Many causes of decreased blood flow during surgery are systemic, i.e. they decrease blood flow throughout the body. Studies have shown that nearly all perioperative PION patients suffered from prolonged intraoperative hypotension and postoperative anemia. The average perioperative PION patient loses 4 liters of blood during surgery, and the majority receive blood transfusions. Massive blood loss is just one cause of low blood pressure. Side effects of general anesthesia also lower blood pressure. The average surgery duration in PION cases is 7 to 9 hours, which increases the risk of prolonged low blood pressure.
Other intraoperative ischemic pressures are local, i.e. they decrease blood flow to the affected area, the optic nerve. Facial swelling, periorbital swelling, direct orbital compression, facedown position during surgery, and a tilted operating table in feet-above-head position, have all been reported to be associated with perioperative PION. All of these factors are believed to increase tissue pressure and venous pressure around the optic nerve, thereby decreasing local blood flow and oxygen delivery.
Surgeries with the highest estimated incidence of PION are surgeries with a higher risk of the aforementioned conditions. In spine surgery, patients are susceptible to significant blood loss, and they are positioned face down for long periods of time, which increases venous pressure, decreases arterial perfusion pressure, and often causes facial swelling (increased tissue pressure). Spine surgery is estimated to have the highest incidence of PION, 0.028%. Long duration of feet-above-head position in prostate surgery has also been suggested to increase risk of PION.
Cardiovascular risk factors for PION
Perioperative PION patients have a higher prevalence of cardiovascular risk factors than in the general population. Documented cardiovascular risks in perioperative PION patients include hypertension, diabetes mellitus, hypercholesterolemia, tobacco use, cardiac arrhythmia, cerebrovascular disease and obesity. Men are also noted to be at higher risk, which is in accordance with the trend, as men are at higher risk of cardiovascular disease. These cardiovascular risks all hinder perfusion, and also may suggest a contributory role of defective vascular autoregulation.[improper synthesis?]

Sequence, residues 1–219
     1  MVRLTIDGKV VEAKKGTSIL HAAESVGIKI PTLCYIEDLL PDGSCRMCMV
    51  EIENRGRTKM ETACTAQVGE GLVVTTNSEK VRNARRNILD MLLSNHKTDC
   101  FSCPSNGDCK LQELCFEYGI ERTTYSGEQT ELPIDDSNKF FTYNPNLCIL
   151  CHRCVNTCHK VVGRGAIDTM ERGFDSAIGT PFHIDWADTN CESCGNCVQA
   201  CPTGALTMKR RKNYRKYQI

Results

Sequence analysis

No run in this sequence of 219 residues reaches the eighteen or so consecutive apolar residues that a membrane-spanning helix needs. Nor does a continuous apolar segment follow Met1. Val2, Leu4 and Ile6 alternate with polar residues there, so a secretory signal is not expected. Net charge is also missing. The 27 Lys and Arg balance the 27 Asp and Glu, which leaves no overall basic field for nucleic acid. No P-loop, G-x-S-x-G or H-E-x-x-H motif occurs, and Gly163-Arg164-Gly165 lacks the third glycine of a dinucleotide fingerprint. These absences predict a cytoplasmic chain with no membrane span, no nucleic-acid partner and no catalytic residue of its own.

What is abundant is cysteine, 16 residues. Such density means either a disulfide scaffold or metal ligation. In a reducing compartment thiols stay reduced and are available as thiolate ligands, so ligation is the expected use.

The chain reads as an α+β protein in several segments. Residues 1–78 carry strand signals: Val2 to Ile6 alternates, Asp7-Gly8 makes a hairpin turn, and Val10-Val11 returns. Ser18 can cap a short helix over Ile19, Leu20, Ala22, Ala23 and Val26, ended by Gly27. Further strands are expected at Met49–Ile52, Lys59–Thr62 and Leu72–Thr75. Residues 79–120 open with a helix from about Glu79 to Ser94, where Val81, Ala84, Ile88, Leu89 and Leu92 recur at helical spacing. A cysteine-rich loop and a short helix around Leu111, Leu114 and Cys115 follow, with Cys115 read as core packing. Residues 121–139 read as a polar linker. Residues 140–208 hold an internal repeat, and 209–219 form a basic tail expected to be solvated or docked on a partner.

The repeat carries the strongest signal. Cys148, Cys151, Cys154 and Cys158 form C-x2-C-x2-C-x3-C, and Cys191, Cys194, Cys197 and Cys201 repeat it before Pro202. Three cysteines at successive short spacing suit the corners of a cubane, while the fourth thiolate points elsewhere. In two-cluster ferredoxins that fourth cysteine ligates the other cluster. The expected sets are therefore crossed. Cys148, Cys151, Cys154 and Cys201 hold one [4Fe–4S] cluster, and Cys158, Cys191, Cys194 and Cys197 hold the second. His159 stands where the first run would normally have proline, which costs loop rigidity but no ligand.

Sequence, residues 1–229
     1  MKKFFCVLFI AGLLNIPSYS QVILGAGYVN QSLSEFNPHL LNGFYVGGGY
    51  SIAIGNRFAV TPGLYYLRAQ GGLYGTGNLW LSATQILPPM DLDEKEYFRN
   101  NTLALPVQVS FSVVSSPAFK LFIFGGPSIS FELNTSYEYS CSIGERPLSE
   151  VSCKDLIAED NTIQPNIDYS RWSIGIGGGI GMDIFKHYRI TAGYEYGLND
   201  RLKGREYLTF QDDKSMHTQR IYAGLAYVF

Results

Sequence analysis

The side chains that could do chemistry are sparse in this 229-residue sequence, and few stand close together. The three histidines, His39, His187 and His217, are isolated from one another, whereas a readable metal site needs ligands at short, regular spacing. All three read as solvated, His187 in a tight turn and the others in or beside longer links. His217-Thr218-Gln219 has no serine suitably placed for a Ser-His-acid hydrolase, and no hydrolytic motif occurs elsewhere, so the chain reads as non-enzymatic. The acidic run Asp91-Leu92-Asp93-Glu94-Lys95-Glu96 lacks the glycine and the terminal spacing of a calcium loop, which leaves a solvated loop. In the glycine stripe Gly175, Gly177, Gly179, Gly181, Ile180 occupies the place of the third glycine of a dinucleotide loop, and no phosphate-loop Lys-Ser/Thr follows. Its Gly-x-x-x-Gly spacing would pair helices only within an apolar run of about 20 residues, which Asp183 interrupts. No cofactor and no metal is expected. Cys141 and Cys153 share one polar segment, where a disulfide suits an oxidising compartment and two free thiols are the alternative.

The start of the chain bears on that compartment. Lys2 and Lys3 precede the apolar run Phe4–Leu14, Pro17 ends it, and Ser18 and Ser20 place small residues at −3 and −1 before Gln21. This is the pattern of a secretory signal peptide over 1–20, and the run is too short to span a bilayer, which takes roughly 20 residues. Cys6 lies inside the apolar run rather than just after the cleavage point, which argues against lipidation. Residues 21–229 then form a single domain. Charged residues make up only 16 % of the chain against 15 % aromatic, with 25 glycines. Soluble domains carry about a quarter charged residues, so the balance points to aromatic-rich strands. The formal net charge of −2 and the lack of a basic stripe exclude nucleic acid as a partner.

The multifactorial origin of perioperative PION
As illustrated by the risk factors above, perioperative hypoxia is a multifactorial problem. Amidst these risk factors it may be difficult to pinpoint the optic nerve’s threshold for cell death, and the exact contribution of each factor.
Low blood pressure and anemia are cited as perioperative complications in nearly all reports of PION, which suggests a causal relationship. However, while low blood pressure and anemia are relatively common in the perioperative setting, PION is exceedingly rare. Spine and cardiac bypass surgeries have the highest estimated incidences of PION, 0.028% and 0.018% respectively, and this is still extremely low. This evidence suggests that optic nerve injury in PION patients is caused by more than just anemia and low blood pressure.
Evidence suggests that the multifactorial origin of perioperative PION involves the risks discussed above and perhaps other unknown factors. Current review articles of PION propose that vascular autoregulatory dysfunction and anatomic variation are under-investigated subjects that may contribute to patient-specific susceptibility.
There is no confirmatory test for PION. PION is a diagnosis of exclusion. To prevent impending blindness, it is urgent to rule out giant cell arteritis when a patient over 50 presents with sudden vision loss.
The American College of Rheumatologists have defined a combination of physical symptoms and inflammatory changes to diagnose giant cell arteritis.